What Is Law?

Law is a set of practices and rules that are binding on society and enforced by a controlling authority. Its precise definition has been subject to many debates over the centuries.

Law can be a matter of public policy or private interest, depending on the type of legal system in place. In general, a country’s legal system defines its citizens’ rights and obligations, from contracts and property to criminal justice and health care. It also regulates the economic and social order of a nation.

While the precise definition of law may change over time, some scholars have agreed that it is a system of rules or policies enforceable by coercion and enacted through the state. This defining feature distinguishes law from other forms of regulation and order, such as custom or tradition.

The purpose of law is to bind people to certain obligations, to punish wrongdoing and to provide remedies for it. Its normative dimension includes a moral justification for its existence and a claim to be legitimate. A central issue for legal theory is how to articulate this claim and the conditions under which it exists.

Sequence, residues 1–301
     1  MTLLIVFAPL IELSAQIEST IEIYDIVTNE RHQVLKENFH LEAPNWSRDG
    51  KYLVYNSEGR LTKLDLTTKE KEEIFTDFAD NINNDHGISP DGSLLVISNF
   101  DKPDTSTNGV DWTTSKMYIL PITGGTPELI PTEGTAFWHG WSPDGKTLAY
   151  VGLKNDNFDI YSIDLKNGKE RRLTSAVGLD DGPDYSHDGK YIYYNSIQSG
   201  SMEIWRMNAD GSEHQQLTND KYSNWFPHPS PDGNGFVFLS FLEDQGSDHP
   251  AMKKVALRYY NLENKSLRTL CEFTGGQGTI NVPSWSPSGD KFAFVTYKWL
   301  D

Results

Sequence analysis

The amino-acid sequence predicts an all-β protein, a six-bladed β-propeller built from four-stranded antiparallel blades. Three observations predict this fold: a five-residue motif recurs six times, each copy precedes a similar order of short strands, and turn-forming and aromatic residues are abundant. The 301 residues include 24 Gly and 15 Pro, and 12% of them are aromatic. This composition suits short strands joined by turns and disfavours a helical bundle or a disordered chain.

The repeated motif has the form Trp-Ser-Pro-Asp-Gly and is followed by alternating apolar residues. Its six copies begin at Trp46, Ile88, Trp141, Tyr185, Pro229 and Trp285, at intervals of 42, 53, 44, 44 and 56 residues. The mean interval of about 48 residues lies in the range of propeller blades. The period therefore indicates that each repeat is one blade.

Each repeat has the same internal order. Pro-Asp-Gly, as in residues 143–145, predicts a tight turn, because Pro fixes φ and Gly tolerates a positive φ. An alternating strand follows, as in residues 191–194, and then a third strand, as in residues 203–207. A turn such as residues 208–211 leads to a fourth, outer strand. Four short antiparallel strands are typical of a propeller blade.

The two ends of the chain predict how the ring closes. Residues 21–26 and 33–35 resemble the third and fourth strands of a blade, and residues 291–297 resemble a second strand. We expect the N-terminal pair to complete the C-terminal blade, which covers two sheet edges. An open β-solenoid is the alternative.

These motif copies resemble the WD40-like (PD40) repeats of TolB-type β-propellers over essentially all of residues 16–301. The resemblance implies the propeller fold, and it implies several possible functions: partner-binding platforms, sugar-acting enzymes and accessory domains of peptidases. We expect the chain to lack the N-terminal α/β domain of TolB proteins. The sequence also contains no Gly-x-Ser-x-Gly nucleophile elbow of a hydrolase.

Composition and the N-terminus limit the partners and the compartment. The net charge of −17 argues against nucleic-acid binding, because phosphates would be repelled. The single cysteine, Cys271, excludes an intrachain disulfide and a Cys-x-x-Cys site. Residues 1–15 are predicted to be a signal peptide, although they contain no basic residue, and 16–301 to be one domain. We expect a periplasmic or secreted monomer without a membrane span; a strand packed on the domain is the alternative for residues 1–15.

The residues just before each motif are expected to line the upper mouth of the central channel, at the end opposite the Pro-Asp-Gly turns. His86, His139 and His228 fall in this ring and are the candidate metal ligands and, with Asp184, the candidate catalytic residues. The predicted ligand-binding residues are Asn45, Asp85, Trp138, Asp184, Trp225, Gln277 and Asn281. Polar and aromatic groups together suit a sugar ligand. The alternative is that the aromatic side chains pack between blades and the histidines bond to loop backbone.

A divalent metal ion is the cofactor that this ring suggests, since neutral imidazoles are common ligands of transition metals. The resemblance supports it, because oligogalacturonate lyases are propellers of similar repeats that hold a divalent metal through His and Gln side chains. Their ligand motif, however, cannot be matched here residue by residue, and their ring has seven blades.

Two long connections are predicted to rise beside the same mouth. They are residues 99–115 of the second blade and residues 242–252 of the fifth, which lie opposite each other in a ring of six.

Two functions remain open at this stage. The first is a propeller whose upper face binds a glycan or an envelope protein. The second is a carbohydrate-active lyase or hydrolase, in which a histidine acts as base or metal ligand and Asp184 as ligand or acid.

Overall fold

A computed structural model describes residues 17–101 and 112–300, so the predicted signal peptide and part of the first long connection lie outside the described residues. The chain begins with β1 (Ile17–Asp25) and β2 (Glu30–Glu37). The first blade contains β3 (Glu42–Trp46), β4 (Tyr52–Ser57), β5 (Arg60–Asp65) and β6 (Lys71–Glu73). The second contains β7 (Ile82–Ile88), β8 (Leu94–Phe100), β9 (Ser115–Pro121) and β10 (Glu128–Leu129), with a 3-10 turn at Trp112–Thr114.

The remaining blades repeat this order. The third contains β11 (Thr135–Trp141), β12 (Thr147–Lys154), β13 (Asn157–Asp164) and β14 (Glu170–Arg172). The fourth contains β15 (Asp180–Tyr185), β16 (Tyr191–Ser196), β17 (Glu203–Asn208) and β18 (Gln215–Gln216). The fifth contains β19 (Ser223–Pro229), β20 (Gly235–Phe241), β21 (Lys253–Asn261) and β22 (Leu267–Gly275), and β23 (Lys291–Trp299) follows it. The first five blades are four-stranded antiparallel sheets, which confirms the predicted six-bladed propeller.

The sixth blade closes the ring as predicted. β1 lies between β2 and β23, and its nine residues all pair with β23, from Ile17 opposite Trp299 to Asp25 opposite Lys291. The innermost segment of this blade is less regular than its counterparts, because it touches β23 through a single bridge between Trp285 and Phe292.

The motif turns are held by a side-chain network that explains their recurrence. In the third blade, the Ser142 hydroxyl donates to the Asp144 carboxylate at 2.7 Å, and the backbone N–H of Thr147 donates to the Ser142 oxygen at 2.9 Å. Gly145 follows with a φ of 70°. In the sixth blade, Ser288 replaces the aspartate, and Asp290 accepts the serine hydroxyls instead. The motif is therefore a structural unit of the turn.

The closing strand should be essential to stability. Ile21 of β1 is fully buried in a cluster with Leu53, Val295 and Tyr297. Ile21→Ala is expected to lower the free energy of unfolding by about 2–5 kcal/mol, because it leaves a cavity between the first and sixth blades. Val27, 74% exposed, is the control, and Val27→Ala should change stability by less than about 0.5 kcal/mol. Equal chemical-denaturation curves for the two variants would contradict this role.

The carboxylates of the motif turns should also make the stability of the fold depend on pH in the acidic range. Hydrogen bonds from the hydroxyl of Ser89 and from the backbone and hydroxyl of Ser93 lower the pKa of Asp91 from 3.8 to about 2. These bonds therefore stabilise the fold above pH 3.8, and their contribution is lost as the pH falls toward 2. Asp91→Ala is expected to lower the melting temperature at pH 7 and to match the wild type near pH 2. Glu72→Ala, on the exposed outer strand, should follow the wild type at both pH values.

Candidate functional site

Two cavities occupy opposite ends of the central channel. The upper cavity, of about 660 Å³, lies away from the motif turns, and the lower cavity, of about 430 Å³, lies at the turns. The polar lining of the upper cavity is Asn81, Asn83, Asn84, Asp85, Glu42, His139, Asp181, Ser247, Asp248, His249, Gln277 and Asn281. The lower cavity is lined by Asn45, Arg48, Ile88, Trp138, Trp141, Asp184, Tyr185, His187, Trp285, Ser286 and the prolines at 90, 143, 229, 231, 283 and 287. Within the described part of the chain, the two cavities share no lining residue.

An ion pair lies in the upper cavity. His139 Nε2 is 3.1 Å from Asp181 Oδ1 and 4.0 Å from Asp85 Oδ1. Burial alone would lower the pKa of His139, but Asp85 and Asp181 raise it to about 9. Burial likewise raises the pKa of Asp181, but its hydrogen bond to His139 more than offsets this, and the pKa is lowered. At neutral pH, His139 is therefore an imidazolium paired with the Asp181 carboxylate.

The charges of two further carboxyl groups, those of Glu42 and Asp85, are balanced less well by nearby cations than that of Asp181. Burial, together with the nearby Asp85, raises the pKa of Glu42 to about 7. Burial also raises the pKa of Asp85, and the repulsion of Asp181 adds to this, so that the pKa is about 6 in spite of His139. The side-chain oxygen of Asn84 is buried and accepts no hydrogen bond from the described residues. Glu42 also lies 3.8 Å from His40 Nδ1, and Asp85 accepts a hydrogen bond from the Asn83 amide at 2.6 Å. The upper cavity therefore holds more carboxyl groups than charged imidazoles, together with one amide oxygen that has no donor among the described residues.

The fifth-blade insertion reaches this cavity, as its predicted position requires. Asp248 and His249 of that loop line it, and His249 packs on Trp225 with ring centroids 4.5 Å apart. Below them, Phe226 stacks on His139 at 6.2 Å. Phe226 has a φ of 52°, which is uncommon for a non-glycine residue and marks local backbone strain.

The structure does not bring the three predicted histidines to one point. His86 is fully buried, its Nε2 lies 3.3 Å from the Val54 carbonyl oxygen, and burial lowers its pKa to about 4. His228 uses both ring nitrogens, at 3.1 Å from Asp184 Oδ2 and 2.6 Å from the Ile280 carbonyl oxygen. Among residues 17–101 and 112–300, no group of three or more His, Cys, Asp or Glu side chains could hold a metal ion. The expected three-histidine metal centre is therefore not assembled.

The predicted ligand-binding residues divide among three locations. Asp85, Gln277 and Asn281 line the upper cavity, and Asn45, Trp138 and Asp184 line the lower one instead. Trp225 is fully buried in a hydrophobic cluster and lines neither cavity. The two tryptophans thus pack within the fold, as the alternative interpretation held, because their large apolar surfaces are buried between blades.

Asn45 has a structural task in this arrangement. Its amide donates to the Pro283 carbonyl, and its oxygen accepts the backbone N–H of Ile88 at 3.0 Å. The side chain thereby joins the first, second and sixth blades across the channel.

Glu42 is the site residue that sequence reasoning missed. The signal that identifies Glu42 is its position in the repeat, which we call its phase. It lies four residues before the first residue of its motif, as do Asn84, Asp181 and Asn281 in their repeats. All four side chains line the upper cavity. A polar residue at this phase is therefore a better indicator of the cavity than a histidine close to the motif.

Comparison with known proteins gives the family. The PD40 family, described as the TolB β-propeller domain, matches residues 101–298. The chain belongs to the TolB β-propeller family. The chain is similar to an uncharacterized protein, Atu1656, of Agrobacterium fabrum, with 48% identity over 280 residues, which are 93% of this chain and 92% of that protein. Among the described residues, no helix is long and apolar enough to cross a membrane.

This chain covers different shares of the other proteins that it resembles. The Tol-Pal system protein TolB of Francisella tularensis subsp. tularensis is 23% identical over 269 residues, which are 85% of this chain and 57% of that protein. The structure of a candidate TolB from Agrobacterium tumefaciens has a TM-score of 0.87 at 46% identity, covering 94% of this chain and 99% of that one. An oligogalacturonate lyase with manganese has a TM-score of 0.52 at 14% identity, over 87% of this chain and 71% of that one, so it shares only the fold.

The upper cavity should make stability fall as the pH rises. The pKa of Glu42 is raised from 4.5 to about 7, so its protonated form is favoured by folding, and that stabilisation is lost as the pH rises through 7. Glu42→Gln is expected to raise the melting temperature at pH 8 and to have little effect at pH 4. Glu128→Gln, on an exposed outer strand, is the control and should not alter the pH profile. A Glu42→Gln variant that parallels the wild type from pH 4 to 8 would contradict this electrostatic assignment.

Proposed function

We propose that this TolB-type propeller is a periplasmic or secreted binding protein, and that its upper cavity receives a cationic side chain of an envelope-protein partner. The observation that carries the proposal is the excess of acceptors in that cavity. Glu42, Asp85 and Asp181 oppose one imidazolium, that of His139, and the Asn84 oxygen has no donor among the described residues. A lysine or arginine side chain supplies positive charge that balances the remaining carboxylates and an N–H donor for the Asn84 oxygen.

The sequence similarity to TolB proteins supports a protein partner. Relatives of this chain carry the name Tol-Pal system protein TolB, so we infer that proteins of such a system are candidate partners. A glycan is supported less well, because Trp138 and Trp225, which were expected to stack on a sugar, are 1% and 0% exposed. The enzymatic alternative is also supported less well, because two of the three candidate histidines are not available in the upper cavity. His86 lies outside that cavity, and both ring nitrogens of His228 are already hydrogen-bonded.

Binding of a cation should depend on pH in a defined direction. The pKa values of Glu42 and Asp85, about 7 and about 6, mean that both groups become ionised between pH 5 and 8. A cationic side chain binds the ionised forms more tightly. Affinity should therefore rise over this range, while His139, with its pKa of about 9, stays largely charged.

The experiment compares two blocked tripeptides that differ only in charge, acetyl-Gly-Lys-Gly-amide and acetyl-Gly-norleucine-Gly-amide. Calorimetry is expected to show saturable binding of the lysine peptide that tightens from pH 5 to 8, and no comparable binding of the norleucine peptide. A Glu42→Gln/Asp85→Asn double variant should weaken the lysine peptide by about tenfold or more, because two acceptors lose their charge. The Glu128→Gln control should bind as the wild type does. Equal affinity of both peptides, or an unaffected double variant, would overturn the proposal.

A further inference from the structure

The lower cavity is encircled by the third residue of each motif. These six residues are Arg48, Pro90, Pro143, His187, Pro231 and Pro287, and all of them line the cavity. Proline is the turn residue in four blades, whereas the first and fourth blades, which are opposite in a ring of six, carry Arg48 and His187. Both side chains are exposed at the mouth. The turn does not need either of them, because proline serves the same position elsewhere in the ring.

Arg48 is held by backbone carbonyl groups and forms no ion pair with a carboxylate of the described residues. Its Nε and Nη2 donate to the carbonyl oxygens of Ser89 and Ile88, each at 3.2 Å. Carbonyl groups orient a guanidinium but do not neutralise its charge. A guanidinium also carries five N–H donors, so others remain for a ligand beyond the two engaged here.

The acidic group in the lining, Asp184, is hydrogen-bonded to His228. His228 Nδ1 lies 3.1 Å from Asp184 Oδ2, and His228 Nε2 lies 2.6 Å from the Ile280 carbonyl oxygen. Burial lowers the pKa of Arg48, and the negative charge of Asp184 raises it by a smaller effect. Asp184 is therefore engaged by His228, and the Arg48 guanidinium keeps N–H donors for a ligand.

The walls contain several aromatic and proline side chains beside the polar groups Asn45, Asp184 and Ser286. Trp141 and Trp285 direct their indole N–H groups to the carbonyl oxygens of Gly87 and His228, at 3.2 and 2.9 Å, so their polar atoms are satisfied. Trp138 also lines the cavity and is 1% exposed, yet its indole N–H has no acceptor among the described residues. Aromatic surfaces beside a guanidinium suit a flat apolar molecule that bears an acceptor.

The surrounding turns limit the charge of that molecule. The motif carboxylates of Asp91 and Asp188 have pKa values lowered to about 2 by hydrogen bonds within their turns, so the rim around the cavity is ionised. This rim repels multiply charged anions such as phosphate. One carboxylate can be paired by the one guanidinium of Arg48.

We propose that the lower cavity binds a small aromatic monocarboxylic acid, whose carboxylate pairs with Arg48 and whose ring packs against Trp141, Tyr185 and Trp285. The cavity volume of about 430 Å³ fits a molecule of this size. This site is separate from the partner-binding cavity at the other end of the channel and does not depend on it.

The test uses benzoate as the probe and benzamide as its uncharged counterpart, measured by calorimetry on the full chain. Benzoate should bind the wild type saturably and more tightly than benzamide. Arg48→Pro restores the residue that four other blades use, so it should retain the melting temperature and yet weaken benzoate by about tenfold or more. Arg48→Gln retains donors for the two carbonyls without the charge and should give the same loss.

An extensive and varied field, the study of law is both fascinating and relevant in the modern world. Whether it’s analyzing the impact of cybercrime on businesses, exploring international human rights policies or examining global environmental regulations, legal studies can inform and inspire on a worldwide scale.

Whether you’re an experienced lawyer or just starting out, these topics will help you craft compelling research papers on the legal aspects of various subjects. They’ll give you the background you need to develop your own unique perspectives.

The law in a given jurisdiction can be determined by legislative statutes and executive decrees, as well as by judicial decisions in common law jurisdictions that use the doctrine of stare decisis to bind future judges to similar decisions. Private individuals can also create legally binding contracts and arbitration agreements.

There are a number of different types of legal systems in the world, with civil law systems found on all continents and accounting for about 60% of the world’s population. These legal systems are based on the concepts, categories and rules established by Roman law and later influenced by canon law and local custom and culture.

Some skeptics argue that law is profoundly dependent on morality and therefore must be profoundly subjective. This skeptical approach, popular in post-modernist literature, typically assumes that morality is entirely subjective and thus always up for grabs.